CHERYL PILGRIM: FEATURED ON ILLUSTRATOR SATURDAY 

This Christmas gift held a lifesaving secret

During World War II, The United States Playing Card Company joined forces with American and British intelligence agencies to create a very special deck of cards. They gave them out as Christmas gifts that also helped allied prisoners of war escape from German POW camps. Individual cards peeled apart when moistened, to reveal maps of escape routes. Sometimes truth really is stranger than fiction.

RENE GRAEF: FEATURED ON ILLUSTRATOR SATURDAY.

The majority of Americans celebrate Christmas

It may feel like Christmas is everywhere you turn from October right on through New Year’s, and those decorations hit stores earlier every year. That’s partially because most Americans really do jingle bell rock their way right through the season: over 90 percent of us. Not all of those celebrate it as a religious holiday, though.

DEBORAH MELMON: Featured on Illustrator Saturday.

Scientists calculated that for Father Christmas to deliver all gifts to people around the world, on Christmas Eve, he would have to visit 822 homes a second, traveling at 650 miles a second!

DONALD WU: FEATURED ON ILLUSTRATOR SATURDAY.

One Florida town makes an annual Christmas tree out of 700 tons of sand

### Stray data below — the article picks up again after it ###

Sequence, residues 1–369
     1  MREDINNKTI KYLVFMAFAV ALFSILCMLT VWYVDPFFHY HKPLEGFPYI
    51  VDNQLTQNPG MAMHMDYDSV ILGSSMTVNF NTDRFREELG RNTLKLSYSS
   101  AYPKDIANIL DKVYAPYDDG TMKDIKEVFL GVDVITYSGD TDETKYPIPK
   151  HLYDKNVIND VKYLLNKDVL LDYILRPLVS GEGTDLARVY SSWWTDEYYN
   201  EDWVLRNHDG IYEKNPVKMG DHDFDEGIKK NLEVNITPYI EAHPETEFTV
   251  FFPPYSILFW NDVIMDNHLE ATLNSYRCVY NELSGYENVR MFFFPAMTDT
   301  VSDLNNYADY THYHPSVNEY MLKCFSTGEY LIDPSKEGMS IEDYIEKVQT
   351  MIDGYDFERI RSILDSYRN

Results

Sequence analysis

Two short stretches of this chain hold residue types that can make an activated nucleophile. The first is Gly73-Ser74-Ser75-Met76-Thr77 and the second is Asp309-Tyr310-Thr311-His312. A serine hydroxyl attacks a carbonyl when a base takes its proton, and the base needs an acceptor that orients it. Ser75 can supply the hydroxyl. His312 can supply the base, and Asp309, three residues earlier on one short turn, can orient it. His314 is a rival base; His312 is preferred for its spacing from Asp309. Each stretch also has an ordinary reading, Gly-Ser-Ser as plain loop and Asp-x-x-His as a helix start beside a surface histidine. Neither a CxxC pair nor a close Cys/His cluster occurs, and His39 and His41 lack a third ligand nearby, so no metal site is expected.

Every year West Palm Beach, Florida, boasts that it has the world’s largest Christmas tree made entirely of sand: 700 tons of the stuff go into making “Sandi,” a 35-foot peak strung with lights and topped with a star.

JAMIE GREEN: FEATURED ON ILLUSTRATOR SATURDAY 

******

Here comes Santa Claus, here comes Santa Claus, right down Santa Claus Lane
He’s got a bag that’s filled with toys for boys and girls again
Hear those sleigh bells jingle jangle, oh what a beautiful sight
So jump in bed and cover your head, ’cause Santa Claus comes tonight

Talk tomorrow,

Kathy


Responses

  1. and to you –

    Like

  2. You’ve done a lot of research regarding the origins of Santa Claus. I had been researching this topic myself, and you’ve made it easier for me to dig in further. Wishing you all Happy Holidays, and may 2021 make our dreams come true. Thank you for posting such interesting topics all year round.

    Like

  3. Wonderful collection and great Christmas tidbits! Merry Christmas, Kathy!

    Like

  4. These are some cool facts. You’ve put me in the Christmas spirit! Thank you! I tend to favor the old-fashioned depictions of Santa, but leave it to Coca Cola to turn Santa into a “rounder and more jolly” kind of figure. Better cut down on that sugar, LOL. Merry Christmas!!

    Like

  5. Wow. Just WOW!!!

    Like

  6. This was such fun! Merry Christmas, Kathy:)

    Like